This is supposed to be my last column. I hope it isn’t. I hope The CJN will find a way to continue, but just in case, I’ll write this as though it’s my last column.
I’ve been writing for more than 10 years. When the editor first asked me to write a column, I declined. I didn’t think I could do it. I wasn’t a writer. He persisted, and I agreed to try it for six months. Here I am, 10 years later, wondering how the time passed and how much I’ve enjoyed the experience. So first I must thank the editor for giving me this opportunity to express myself, to open a dialogue with the readers of The Canadian Jewish News. I also want to thank the copy editors who made me look good.
It has been a wonderful experience. Initially, I thought it would be a terrible burden, hence my refusal. But it proved to be a practise of freedom and an exercise in understanding. I was free to write on any subject, but my goal was to share with Canadian Jews topics of interest or challenges worthy of discussion. So I used my time to think about items that we might discuss if you were in my living room, or better yet, if you were at my dining room table. What would I say to you that we could debate? What might I encounter in my reading or while I walk to work that would be fun to share?
In the process of thinking about these things, I found it was easy to imagine your participation. Having done that, I could write the column quickly. My ideas translated into sentences without the struggle I usually have with academic papers. So I wrote about topics that ranged across the spectrum from freedom to Purim, evil language to surviving Thanksgiving. I used this platform at times to inform and at other times to unsettle. I spoke about Jewish issues and about secular topics. Everything was equally subject to my gaze. And I had fun. I will miss this opportunity.
Some columns were popular. The most feedback came with an early column I wrote on a woman saying Kaddish. It was a very personal account of my own experience and the roadblocks that exist in our communities to women’s religious expressions. It touched a nerve. In fact, the popular supports seem to have been the more personal ones, the ones in which I shared my own story. This is supported by today’s trend of personal memoirs and popular storytelling forums. You liked when I shared the personal, and you could relate more to the intimate details of my life.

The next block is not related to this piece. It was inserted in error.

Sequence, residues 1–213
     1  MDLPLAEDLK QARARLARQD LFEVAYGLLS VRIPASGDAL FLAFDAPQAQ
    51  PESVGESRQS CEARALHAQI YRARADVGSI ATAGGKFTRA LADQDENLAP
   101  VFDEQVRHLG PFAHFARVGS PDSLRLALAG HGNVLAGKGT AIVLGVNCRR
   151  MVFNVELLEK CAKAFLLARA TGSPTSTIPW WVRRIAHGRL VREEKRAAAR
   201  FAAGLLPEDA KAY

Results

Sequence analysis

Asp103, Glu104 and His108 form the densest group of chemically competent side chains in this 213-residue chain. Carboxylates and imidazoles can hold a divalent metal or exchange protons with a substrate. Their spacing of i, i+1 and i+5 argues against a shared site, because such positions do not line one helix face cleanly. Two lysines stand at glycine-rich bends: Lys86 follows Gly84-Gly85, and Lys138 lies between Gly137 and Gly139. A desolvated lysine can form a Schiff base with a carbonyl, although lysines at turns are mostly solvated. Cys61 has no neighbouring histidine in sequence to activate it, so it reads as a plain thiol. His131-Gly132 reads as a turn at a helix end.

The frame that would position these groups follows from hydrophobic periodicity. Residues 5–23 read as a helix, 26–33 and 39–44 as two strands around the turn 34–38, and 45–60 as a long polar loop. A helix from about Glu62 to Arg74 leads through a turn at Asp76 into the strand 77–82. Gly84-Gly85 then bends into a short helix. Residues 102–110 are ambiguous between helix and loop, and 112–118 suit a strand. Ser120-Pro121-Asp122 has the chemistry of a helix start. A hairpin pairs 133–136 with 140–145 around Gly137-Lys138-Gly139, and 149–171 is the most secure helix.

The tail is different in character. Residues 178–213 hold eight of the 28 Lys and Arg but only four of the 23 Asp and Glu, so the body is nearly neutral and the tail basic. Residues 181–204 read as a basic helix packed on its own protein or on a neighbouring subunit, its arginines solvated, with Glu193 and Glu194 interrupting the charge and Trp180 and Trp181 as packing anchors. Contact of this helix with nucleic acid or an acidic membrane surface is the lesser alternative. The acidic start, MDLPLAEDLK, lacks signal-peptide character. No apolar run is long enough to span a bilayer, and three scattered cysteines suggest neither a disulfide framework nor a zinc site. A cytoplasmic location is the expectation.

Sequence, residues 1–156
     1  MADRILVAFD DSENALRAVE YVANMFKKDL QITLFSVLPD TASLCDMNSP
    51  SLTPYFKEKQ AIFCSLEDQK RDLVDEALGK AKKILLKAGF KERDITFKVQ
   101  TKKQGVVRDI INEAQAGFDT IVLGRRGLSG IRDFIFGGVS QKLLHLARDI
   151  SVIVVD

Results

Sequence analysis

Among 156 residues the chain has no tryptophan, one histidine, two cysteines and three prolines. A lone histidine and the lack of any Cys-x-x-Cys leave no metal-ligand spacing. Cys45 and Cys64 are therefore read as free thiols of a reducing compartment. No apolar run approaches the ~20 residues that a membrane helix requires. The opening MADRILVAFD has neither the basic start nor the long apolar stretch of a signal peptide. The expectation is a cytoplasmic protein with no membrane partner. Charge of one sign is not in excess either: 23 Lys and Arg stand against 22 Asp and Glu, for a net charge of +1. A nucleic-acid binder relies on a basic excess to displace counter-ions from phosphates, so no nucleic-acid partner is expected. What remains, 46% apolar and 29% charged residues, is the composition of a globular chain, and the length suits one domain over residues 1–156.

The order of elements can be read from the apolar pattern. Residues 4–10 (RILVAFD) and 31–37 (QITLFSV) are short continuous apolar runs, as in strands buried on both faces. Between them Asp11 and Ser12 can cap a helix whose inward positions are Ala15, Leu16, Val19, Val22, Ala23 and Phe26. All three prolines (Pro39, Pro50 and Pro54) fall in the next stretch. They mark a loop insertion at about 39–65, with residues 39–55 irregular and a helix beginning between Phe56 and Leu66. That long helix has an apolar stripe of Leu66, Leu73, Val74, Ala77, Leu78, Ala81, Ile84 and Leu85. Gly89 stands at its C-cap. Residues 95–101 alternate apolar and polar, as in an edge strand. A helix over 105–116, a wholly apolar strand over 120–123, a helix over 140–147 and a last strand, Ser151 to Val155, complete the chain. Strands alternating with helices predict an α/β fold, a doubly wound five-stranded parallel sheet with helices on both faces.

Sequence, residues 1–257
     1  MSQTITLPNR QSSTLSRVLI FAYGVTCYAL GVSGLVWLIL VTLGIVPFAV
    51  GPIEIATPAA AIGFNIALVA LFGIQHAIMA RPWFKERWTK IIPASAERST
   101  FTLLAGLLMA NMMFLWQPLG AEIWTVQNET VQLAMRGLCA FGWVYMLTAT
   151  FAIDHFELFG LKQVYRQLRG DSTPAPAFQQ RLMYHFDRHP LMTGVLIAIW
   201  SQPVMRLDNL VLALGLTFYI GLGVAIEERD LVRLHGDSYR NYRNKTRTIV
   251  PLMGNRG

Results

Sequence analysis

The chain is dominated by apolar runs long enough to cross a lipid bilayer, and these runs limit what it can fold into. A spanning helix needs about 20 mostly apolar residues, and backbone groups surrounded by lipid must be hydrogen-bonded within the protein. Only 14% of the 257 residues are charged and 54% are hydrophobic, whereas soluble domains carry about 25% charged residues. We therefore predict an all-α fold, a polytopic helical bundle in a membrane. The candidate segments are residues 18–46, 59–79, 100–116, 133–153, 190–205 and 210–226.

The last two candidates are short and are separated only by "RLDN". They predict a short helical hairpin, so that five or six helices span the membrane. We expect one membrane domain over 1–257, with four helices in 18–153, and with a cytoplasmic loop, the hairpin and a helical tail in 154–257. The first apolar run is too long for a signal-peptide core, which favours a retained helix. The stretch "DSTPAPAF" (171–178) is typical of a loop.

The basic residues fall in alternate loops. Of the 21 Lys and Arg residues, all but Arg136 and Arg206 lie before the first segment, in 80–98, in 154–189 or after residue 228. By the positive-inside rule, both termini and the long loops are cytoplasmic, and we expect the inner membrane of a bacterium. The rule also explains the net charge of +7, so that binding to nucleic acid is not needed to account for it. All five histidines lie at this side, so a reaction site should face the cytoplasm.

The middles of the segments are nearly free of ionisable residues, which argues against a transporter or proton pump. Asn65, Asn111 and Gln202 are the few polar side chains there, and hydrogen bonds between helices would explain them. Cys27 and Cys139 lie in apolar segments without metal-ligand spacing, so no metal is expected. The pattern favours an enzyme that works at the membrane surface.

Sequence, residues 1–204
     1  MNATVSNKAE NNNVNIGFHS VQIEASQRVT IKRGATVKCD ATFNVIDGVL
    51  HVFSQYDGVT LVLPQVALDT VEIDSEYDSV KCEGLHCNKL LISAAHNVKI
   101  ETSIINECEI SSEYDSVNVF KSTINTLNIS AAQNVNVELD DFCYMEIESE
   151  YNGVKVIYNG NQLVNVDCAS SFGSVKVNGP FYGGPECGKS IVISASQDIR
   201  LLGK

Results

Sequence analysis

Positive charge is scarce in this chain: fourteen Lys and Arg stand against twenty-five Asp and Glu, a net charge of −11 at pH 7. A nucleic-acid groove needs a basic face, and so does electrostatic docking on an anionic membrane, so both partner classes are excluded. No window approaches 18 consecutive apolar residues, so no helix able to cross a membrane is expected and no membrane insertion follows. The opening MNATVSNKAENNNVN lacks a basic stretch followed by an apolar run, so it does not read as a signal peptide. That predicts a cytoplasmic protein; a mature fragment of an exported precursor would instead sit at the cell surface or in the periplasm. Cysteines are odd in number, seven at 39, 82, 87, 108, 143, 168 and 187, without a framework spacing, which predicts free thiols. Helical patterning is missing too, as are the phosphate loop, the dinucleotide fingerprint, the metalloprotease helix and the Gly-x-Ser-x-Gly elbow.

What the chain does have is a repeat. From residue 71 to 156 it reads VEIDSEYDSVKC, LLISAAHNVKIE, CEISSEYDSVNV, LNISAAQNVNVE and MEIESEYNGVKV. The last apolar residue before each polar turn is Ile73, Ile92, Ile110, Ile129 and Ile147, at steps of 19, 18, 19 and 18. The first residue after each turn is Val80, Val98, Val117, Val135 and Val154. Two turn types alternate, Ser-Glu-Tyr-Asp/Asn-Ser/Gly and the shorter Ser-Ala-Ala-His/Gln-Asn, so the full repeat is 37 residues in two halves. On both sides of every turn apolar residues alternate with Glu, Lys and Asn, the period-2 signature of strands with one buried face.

But there were other successful columns. I was very proud of my column on Gilad Schalit. I felt it accomplished something. It woke some people up and resulted in this newspaper creating a more active campaign in the fight for his release. In fact, I’m proud of many of the columns and was happy to hear of some of your comments in response to them. I wandered far afield, enjoying the freedom to do so.
I had already written the column for this month when I learned that this was to be my last one. That column may never be printed. It’s certainly not a tragedy. In it, I wrote about the loss of privacy today and the need of everything to be made public – about the manic presence of CNN-like programs that publicize and repeat every detail of people’s lives. I concluded with the following: “Some things should be left unreported and unstated, and are inappropriate for publication. Some things we should keep to ourselves, for ourselves. Intimate hence private.”
But the loss of The CJN brings me to the opposite conclusion. Some things need a public vehicle, a place for open presentation, wherein the entire community can be seen in public. The CJN has been such an important vehicle for the sharing of communal news. It has been the means of our talking together, both figuratively and literally. A national Jewish community needs such a mechanism. To lose this means of communication, of public discourse, is to lose our binding ties. It is to lose the basic sustenance of any sense of national community. It will be a tragedy.